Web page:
Finalist-PhilBlogAwards 2010

Finalist-PhilBlogAwards 2010
Finalist for society, politics, history blogs



Tuesday, August 21, 2012


Erle Frayne D. Argonza

Origin -  Bagobo (Mindanao)

In the beginning there lived one man and one woman, Toglai and Toglibon. Their first children were a boy and a girl. When they were old enough, the boy and the girl went far away across the waters seeking a good place to live in. Nothing more was heard of them until their children, the Spaniards and Americans, came back. After the first boy and girl left, other children were born to the couple; but they all remained at Cibolan on Mount Apo with their parents, until Toglai and Toglibon died and became spirits. Soon after that there came a great drought which lasted for three years. All the waters dried up, so that there were no rivers, and no plants could live.
"Surely," said the people, "Manama is punishing us, and we must go elsewhere to find food and a place to dwell in."
So they started out. Two went in the direction of the sunset, carrying with them stones from Cibolan River. After a long journey they reached a place where were broad fields of cogon grass and an abundance of water, and there they made their home. Their children still live in that place and are called Magindanau, because of the stones which the couple carried when they left Cibolan.
Two children of Toglai and Toglibon went to the south, seeking a home, and they carried with them women's baskets (baraan). When they found a good spot, they settled down. Their descendants, still dwelling at that place, are called Baraan or Bilaan, because of the women's baskets.
So two by two the children of the first couple left the land of their birth. In the place where each settled a new people developed, and thus it came about that all the tribes in the world received their names from things that the people carried out of Cibolan, or from the places where they settled.
All the children left Mount Apo save two (a boy and a girl), whom hunger and thirst had made too weak to travel. One day when they were about to die the boy crawled out to the field to see if there was one living thing, and to his surprise he found a stalk of sugarcane growing lustily. He eagerly cut it, and enough water came out to refresh him and his sister until the rains came. Because of this, their children are called Bagobo.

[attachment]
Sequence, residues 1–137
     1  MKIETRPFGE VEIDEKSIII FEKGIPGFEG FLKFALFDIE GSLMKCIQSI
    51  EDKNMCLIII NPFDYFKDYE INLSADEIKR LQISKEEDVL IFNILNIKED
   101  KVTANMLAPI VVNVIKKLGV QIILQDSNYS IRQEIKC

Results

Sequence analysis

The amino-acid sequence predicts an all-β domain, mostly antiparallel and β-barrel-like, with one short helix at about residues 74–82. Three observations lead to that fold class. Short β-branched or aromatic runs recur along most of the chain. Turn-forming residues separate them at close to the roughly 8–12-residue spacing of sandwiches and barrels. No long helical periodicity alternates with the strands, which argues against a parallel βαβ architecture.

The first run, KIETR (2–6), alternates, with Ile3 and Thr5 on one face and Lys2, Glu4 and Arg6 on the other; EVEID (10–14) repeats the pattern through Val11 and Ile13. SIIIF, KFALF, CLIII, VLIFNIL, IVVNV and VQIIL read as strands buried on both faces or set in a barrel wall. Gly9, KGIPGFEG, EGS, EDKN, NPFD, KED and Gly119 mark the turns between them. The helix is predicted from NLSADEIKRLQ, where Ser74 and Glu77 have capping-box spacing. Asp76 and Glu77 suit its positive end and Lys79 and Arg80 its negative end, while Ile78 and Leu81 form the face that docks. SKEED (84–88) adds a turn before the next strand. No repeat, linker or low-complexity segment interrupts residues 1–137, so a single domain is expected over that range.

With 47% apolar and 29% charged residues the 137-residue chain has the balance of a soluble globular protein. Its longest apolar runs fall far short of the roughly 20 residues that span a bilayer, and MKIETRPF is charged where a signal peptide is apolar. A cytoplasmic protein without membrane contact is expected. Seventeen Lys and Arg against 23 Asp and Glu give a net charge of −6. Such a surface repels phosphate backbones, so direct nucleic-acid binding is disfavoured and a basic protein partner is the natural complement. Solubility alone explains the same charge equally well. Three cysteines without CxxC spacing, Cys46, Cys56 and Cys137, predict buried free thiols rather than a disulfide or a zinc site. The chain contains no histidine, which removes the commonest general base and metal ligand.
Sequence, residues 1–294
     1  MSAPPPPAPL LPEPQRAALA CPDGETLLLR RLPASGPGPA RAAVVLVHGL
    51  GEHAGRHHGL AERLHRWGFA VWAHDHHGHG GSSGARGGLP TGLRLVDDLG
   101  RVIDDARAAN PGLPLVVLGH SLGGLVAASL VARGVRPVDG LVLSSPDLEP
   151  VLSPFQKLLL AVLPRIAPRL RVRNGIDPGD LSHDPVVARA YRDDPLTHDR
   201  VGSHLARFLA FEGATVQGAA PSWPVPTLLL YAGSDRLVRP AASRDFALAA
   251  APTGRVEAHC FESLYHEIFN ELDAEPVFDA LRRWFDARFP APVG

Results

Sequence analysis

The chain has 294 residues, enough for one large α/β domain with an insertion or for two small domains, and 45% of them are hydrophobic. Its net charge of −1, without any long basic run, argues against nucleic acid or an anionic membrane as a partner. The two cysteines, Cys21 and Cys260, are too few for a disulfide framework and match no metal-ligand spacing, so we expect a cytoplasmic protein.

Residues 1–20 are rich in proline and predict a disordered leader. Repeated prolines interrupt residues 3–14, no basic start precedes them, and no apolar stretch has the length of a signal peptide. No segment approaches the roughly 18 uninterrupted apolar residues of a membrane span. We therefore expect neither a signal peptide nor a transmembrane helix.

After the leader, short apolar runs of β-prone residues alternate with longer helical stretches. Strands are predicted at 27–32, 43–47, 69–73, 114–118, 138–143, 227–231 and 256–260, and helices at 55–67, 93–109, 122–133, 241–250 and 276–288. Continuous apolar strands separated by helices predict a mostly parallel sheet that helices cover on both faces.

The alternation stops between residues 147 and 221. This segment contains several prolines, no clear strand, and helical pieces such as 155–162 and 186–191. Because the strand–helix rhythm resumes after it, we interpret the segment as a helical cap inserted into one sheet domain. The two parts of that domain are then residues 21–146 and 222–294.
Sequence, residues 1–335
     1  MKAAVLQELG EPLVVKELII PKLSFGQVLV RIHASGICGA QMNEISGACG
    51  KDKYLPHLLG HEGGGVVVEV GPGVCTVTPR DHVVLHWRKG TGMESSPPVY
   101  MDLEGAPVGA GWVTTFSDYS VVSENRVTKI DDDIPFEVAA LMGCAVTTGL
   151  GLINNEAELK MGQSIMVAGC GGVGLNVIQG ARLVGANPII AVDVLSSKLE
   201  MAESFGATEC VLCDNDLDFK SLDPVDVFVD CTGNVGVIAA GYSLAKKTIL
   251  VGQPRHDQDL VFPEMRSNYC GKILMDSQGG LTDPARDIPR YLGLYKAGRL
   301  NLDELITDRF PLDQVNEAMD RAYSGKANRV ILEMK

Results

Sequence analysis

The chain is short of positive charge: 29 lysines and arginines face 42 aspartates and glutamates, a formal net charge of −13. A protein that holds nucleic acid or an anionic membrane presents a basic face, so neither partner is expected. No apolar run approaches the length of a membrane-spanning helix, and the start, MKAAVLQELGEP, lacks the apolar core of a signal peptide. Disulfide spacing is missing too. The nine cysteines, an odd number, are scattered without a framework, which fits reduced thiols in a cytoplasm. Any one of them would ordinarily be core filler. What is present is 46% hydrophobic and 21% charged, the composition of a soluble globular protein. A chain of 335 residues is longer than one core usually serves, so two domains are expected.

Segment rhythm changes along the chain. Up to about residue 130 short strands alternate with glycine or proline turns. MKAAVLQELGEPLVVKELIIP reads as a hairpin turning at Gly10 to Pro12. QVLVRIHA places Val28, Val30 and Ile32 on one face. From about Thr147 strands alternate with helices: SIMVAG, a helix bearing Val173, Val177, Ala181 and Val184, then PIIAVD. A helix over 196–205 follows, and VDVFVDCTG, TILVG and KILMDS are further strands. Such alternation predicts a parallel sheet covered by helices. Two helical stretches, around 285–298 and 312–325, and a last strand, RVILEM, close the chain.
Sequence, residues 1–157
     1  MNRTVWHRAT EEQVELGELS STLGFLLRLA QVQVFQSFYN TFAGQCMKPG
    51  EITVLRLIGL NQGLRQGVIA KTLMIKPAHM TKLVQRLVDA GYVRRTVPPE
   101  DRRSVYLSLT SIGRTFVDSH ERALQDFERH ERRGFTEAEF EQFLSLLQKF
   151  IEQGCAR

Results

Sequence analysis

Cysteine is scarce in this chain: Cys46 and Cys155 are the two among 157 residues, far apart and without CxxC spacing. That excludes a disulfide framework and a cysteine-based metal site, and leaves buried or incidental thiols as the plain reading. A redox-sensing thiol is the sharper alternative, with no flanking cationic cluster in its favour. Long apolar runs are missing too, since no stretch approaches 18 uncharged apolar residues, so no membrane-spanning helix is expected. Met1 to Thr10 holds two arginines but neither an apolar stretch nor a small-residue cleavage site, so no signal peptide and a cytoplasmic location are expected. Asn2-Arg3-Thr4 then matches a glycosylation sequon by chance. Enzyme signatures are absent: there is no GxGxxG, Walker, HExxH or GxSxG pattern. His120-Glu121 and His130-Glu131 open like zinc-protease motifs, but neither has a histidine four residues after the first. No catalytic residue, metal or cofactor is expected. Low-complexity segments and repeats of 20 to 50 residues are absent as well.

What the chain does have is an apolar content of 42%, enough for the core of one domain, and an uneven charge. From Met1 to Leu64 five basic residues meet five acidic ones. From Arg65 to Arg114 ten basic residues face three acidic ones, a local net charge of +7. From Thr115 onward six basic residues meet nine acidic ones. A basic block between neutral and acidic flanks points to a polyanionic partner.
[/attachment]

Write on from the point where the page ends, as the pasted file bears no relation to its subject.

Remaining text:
The narrative already begins with the time of the mid-Lemurian races when sexual procreation became the mode or reproducing humans. This was the first over-arching context of twinflame soul aspects that would search for each other as husband and wife in the physical plane.
Toglia & Toglibon are the equivalents of the Adam & Eve in Semitic mythos. Adam was another version for Edoma or Adoma, that subcontinent of Mu where sexed humans first appeared. Toglia & Toglibon bore a ‘girl & boy’ who migrated to other lands across the vast sea (ocean) and birthed other races—signifies the next sub-races that gave birth to the subsequent ‘root-races’ of Atlanteans and Caucasian Aryans.
Toglia & Toglibon bore many other children signifies the evolution of other sub-races and constituent racial families of Lemurians and onwards to their offshoot races of Malays who were among the last Lemuro-Atlanteans in the 4th ‘root race’ eons.
‘Their children, the Spaniards and Americans, came back’ is as factual as it is: Caucasian Aryans evolved at a latter historical epoch, even as the term ‘Aryan’ has come to generically refer to the present ‘root race’. Scions of the 4th ‘root races’ have become Aryanized in psyche, which stresses the development of the mental or 3rd body faculties.
Thus genealogically, the Lemurians/Mu gave birth to the Atlanteans, as the Atlanteans in turn bred the Aryans among whose racial families are the Indo-Europeans. The Kelts were among the last sub-races of Atlantis, and thus the first of the Aryans, among whose tribes were the Iberians (Spaniards were Iberians). The Teutons were among the mid-to-latter Aryan races, among whose scions were the AngloSaxons (Americans included).
[Philippines, 23 June 2011]




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